a unique perspective on this crazy world

the chosen ones…

I will now attempt to do a bit of travelogue and catch you up on what I have seen!  What I have also seen is the influence of being a major power on your people.  I was shocked at lunch to hear Americans defend their dollar bill with such vehemence and complain that coins were too heavy.  For a country with such a gigantic fiscal debt, this seemed an irresponsible choice.  But of course the fact that every other country in the world uses coins for that denomination of currency because of economics is the same as the fact that every other country (except an obscure African one I believe) uses the metric system.  Somehow, as Americans, they are above logic and global practices.

There seems to be something of the same in the Egyptians.  Sonia emphasizes at least once a day the accomplishments of ancient Egypt and how Egypt is not a third world country.  Apparently she hasn’t got the memo that “developing economy” is the politically correct term 🙂  And Egypt is a developing economy.  I am mostly alone in spending a few dollars every day on stuff kids sell me.  Sure, they should be in school but I don’t think there is free public education in Egypt so you do what you can when you can’t change the system.  They have to engage me and work for it but I am spending less than the cost of a visit to Starbucks so how can it be a bad thing…

So here is the time to be arrogant about my own people 🙂  I am very happy to be Canadian every day.  But when I travel I am generally pretty proud of my people.  We don’t go around puffing out our chests or proclaiming our accomplishments.  We just troll around in the background, many of us trying to learn about the culture and meeting the local people with an open mind.  And we are starting to get noticed 🙂  CNN gets on my nerves pretty fast so I normally listen to BBC World News when I travel.  I haven’t managed to catch an episode yet but they are doing a series on CANADA this month.  Cause apparently we are happy and prosperous and the Brits are trying to figure out our secrets 🙂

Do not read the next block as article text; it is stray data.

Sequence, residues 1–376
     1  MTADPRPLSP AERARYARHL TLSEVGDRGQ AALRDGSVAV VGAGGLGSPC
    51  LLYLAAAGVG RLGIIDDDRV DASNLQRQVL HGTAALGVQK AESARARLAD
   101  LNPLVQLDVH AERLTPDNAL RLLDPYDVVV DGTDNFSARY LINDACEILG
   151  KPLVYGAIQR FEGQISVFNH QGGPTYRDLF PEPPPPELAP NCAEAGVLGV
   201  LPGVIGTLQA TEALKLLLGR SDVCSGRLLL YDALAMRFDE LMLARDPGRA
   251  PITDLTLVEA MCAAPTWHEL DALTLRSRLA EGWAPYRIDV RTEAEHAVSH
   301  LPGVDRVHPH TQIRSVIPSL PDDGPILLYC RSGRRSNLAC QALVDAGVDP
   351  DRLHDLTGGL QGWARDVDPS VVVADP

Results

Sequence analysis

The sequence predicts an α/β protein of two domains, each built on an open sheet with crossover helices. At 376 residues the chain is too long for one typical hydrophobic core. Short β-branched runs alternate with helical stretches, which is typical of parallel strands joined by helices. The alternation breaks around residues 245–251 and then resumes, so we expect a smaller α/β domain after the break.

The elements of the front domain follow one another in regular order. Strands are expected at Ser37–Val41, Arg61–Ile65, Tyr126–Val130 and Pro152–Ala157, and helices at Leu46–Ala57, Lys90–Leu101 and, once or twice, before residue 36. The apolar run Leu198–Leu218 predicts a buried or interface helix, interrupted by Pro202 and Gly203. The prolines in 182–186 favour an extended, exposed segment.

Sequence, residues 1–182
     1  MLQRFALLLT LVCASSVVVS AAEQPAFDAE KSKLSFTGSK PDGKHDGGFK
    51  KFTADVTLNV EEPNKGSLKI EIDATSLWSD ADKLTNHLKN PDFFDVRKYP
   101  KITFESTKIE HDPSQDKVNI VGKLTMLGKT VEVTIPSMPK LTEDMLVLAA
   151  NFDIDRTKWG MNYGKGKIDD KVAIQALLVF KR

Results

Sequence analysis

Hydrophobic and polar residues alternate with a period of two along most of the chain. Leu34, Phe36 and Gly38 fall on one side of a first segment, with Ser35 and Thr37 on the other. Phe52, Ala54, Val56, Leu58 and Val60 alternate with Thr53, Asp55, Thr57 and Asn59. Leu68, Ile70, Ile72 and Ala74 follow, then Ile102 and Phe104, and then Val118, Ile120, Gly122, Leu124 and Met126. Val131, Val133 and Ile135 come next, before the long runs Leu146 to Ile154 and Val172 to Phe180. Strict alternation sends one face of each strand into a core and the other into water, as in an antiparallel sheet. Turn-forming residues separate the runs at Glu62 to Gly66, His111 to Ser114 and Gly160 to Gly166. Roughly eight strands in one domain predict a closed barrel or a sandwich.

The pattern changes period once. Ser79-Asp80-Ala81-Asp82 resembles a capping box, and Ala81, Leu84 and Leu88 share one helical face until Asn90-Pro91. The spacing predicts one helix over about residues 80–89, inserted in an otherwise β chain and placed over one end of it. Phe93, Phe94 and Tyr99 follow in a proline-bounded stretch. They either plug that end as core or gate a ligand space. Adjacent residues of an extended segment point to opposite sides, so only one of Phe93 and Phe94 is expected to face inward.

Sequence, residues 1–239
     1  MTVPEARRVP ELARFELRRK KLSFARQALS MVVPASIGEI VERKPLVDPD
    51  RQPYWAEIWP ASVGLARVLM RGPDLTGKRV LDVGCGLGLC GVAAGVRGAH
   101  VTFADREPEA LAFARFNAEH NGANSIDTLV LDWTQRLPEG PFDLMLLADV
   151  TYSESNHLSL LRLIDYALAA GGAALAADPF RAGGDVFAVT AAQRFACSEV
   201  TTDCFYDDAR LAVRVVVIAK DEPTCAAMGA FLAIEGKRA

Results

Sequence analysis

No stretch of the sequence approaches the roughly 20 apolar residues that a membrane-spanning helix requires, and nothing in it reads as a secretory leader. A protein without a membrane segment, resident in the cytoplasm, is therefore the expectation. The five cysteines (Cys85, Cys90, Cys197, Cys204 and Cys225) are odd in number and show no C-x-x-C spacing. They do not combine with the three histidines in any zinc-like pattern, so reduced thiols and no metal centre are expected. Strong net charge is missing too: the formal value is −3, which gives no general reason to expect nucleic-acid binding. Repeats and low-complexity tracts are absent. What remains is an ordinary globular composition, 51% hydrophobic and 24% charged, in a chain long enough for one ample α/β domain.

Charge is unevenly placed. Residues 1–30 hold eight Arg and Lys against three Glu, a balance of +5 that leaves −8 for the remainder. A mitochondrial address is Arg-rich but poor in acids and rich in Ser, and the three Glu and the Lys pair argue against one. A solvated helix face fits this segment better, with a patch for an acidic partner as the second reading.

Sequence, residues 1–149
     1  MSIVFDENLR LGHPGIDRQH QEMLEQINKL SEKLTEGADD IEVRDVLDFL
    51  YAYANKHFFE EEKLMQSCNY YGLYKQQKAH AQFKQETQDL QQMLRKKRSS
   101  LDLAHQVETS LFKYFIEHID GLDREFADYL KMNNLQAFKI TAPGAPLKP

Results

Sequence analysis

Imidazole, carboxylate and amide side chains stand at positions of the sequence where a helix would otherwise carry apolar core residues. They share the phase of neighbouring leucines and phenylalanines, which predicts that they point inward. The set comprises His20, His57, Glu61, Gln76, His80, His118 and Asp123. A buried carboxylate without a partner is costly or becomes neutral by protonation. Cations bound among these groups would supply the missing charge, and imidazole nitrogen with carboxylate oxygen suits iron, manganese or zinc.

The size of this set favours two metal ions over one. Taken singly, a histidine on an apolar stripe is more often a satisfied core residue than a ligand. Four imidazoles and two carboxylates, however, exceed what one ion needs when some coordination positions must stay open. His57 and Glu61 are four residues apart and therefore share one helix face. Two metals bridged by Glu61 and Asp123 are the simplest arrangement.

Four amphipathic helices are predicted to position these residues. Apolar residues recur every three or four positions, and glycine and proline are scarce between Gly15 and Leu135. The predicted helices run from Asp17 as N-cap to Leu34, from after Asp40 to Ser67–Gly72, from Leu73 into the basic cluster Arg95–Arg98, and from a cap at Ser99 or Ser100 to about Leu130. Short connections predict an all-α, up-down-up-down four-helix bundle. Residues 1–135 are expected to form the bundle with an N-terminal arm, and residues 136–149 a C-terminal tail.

The most fun I have had this trip chatting was with an Englishman I met in the bar at Mena House on my last night.  It was such an easy conversation.  I didn’t have to watch my tongue.  And he told me to exchange some money and carry around a handful of carefully folded five Egyptian pound notes (about $1).  He explained how poor the average Egyptian person is and how tipping is how the economy runs.  Maybe not the ideal system but I am not going to change it in 10 days.  So I am the Canadian girl who tips… but only if I like you and think you have worked for it.  So not everybody gets money…

I realize the travelogue has been diverted… you will get it!  But I am really fascinated by cultures – and how they interact.  Today we had to take a horse and carriage ride to Edfu Temple, a lot closer to the ground and the local culture than we normally get.  I thought it was brilliant.  But apparently it’s politics.  There used to be an air-conditioned A&K bus instead of the horses.  I am happy I am here now.

It’s definitely interesting trying to understand the political situation in Egypt in 2012.  Suzanne is a little obsessed in understanding the politics, which has endeared her to me.  But I think there is no obvious answer.  Despite how much the Egyptians seem to want to deny it, we are in Africa…  and in Africa nothing is simple or logical… but people are generally happy and really easy to crush on… kind of like Canadians… There is a lot to be said for not being the chosen people and using humility as your trump card…

Soon I will be back in Amsterdam.  One of the things that has endeared the Dutch to me so much (in addition of course to the fact that most of them are gorgeous :)) is that they are the only empire I know that managed to navigate the tricky path from world superpower to lesser power with grace and still maintain a vibrant economy and enviable culture.  Perhaps the 21st century belongs to the also-ran powers – the Netherlands, Norway, Canada… nice places to live – with happy, friendly people… 🙂

Here in Egypt we are “Canada… Canada Dry”… but they sing it… I think we have to thank the Italians for that 🙂  It really makes me feel proud to be a Canadian.  The Americans are important to Egyptian politics and to its economy and they get a lot of respect… but when I say Canadian, not American, the Egyptians seem to light up a little bit… and then I smile… and they tell me I will break their heart when I leave Egypt… it’s gonna be tough going back to reality 😉

Comments on: "the chosen ones…" (1)

  1. Having lived among them for 3 years, “them” being Americans, of course, C and I quickly realized that, as far as Americans are concerned, there is only one “correct” way to do things, and that is however Americans do it. “Why don’t they just do what we do, and everything would be fine”. Right. Current events put the lie to that bit of fantasy.

    As for Egypt being “not” a developing economy, see previous sentence – current events…. This might also be of interest – http://www.economist.com/node/21552198 -“Can conquests centuries ago explain the democratic deficit in the Arab world today?” Seems only the Arab countries that were part of the last Caliphate, circa 1100 AD, are the ones dominated by autocrats and dictators.

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